It will be seen that facts justify this expectation.The covenant we find carried into effect in the birth of Isaac ; in his circumcision ; in his evident personal piety ; and in the extraordinary manner in which he was made a typical representative of the Savior, when Abraham virtually offered him upon the altar. The blessings of the covenant appeared to rest upon this Patriarch, in the repeated assurances he had from God, that he was an object of his special love; in the pro. traction of his life to a very old age ; in his closing his
peace ; and having his burial in the land which the covenant gave to him.
From him, the covenant, with its blessings, was transmitted to Jacob. God avowed himself his God,
by the same gracious and indissoluble bonds by which he was the God of his fathers, Abraham, and Isaac. Jacob had power with God, and prevailed. He carefully applied the token of the covenant to all his child. ren; taught them to fear and serve God, and went be. fore them in a pious example. His valedictory bles, sings had the efficacy of prophecy. He expired under the weight of years, upon the bosom of an affectionate Joseph, and his bones were carried up, in solemn pomp, and buried by the bones of his fathers, in the land of promise. His children, the heads of the tribes, succeeded in the same relation to God, and were visibly recipients of the blessing. In character, they were by no means faultless. In some instances, their conduct was cruel. Still they adhered to the worship of God, and were distinguished from the idolatrous world as his people.
Joseph-was certainly a person of singular piety: His resistance of a potent temptation ; his adherence to true religion in an idolatrous and profligate court; his filial duty ; his readiness to forgive his brethren and his great and persevering kindness to them, in opposition to all the natural dictates of pride and resentment, are decisive proofs of it.
By an extraordinary series of events, the prediction addressed to Abraham, respecting the subjection of his seed to the oppressions of a relentless government, was fulfilled. This did not express the discontinu. ance of covenant favor. Though the Egyptian monarch reduced them to slaves, and extended over them a most cruel despotism, their increase was not retard. ed. For we are told, Exodus, i. 12. The more they afflicted them, the more they multiplied and grew.? The blessings of the covenant signally attended them, to counteract the designs of their oppressors ; and to prepare the way for a triumph over them, in their final deliverance.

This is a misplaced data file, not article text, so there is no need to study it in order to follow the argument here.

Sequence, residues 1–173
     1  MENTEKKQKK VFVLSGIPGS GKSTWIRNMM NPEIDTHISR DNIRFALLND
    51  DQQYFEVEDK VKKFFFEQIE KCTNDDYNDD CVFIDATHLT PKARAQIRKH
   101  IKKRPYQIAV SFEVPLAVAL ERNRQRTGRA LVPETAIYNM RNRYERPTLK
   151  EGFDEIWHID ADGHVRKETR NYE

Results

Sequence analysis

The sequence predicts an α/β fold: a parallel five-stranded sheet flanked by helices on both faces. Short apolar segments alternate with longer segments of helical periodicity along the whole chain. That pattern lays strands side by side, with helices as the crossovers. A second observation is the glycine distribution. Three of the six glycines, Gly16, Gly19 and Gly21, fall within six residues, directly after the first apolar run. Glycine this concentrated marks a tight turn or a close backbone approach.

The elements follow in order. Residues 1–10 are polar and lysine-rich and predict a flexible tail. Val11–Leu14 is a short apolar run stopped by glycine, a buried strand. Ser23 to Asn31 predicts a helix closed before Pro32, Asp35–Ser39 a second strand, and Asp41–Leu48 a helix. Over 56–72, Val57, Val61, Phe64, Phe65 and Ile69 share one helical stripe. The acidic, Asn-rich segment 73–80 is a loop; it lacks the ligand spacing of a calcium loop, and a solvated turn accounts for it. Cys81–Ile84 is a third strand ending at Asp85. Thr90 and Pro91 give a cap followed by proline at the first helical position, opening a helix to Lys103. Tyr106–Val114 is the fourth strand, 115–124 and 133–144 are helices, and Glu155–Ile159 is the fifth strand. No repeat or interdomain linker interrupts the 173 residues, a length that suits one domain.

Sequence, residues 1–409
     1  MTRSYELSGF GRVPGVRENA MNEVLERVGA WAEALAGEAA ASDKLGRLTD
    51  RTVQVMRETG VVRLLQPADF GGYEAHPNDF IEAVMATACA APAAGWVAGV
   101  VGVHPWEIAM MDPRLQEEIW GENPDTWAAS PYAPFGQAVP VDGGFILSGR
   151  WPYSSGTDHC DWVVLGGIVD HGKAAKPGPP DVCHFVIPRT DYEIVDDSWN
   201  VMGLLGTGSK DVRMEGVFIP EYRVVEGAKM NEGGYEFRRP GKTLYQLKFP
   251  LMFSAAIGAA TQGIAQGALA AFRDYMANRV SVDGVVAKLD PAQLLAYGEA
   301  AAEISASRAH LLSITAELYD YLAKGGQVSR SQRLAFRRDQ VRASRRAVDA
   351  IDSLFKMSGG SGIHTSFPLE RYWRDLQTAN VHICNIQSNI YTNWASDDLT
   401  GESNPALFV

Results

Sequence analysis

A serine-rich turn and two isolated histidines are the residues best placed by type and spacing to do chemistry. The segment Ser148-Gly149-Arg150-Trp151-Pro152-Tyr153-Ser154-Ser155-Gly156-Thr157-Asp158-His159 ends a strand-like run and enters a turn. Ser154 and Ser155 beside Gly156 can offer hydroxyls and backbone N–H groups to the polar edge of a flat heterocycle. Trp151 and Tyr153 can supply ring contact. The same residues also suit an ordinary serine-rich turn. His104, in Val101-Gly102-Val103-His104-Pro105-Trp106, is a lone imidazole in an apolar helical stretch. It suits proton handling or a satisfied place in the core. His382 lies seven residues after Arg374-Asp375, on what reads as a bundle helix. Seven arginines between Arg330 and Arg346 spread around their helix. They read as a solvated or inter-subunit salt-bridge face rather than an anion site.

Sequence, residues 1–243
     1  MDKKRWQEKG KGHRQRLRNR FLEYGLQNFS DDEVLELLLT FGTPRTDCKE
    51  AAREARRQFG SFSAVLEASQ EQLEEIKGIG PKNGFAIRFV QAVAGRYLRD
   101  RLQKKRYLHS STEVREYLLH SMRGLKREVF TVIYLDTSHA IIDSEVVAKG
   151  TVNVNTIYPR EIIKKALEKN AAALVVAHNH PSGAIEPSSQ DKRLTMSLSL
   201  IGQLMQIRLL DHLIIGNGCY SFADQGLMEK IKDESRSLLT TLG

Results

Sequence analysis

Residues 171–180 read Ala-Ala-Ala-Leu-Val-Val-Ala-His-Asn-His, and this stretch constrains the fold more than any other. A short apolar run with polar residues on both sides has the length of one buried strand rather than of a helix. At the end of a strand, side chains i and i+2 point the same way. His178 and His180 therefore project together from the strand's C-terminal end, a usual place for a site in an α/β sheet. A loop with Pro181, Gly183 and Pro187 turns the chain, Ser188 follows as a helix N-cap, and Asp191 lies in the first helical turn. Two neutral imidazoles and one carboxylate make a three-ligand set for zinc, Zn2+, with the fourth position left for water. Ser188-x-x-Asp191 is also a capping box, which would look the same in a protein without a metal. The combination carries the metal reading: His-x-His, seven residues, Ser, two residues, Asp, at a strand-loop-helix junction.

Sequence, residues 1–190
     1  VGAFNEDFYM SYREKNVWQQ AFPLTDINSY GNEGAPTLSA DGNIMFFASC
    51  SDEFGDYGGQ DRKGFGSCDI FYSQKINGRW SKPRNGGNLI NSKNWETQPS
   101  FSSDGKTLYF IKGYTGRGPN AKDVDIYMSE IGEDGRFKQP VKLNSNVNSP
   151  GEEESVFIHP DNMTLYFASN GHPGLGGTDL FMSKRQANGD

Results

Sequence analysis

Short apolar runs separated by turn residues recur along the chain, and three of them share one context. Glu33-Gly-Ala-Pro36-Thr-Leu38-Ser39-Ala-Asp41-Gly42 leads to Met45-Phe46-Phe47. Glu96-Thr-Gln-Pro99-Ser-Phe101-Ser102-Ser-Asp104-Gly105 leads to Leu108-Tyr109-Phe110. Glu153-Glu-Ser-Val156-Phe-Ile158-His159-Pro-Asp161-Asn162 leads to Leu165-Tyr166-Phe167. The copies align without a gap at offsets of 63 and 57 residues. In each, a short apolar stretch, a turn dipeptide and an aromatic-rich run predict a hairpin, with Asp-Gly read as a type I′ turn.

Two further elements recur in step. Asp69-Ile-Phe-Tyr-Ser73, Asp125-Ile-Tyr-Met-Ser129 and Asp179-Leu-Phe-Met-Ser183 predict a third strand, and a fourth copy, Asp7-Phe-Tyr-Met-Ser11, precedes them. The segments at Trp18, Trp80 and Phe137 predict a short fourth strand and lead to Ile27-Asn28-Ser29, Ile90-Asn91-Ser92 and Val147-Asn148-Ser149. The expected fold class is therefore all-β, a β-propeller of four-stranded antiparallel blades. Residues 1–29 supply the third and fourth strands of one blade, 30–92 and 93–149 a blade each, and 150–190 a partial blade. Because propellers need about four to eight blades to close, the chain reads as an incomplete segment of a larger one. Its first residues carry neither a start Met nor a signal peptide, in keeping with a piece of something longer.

When God interposes to accomplish this, he does it, as the God of Abraham, Isaac, and Jacob, and in remembrance of his covenant ; and he speaks of these
their descendants, as his people. Exodus, iii. 6, 7, 8. " Moreover he said, I am the God of thy father, the God of Abraham, the God of Isaac, and the God of Ja. cob; and the Lord said, I have surely seen the affliction of my people, which are in Egypt, and have heard their cry, by reason of their taskmasters, for I know their sorrows. And I am come down to deliver them out of the hand of the Egyptians, and to bring them up out of their land to a good land, &c." Moses, exactly according tỏ the tenor of the covenant, is directed to speak to Pharaoh, of God, as appropriately the God of the Hebrews, and to
say, “Let us go, we beseech thee, three days journey into the wilderness, that we may sacrifice to the Lord our God.”
Language, indicating the same covenant union, is again put into the mouth of Moses, Exodus iv. 22, 23. * And thou shalt say unto Pharaoh, Israel is my Son ; even my first born. And I say unto thee, let my Son go, that he may serve me.” This appropriate language is used throughout the whole of that in. tercourse, between God and Moses, and between Mo. ses and Pharaoh, which respects the departure of the children of Israel from Egypt.
Very remarkable was the distinction made betwen Israel and the idolatrous inhabitants of Egypt, during the course of those terrible judgments which, preceded the exodus. While the whole Country, inhabited by -the native Egyptians, was overspread with calamity, the adjoining territory, possessed by Israel, entirely escaped. The exemption of their firstborn from death, through the efficacy of the blood of the pachal lamb, when the firstborn of Egypt universally perished, was manifestative of distinguishing covenant grace. So was the manner, in which Israel, were directed to spoil the Egyptians. And so, especially, was their miraculous deliverance at the Red Sea, when the hosts of Pharaoh were drowned.
God's treatment of Israel at this time, had the character of grace, as distinguishably, as has been his treatment of Christians at any period under the New Tes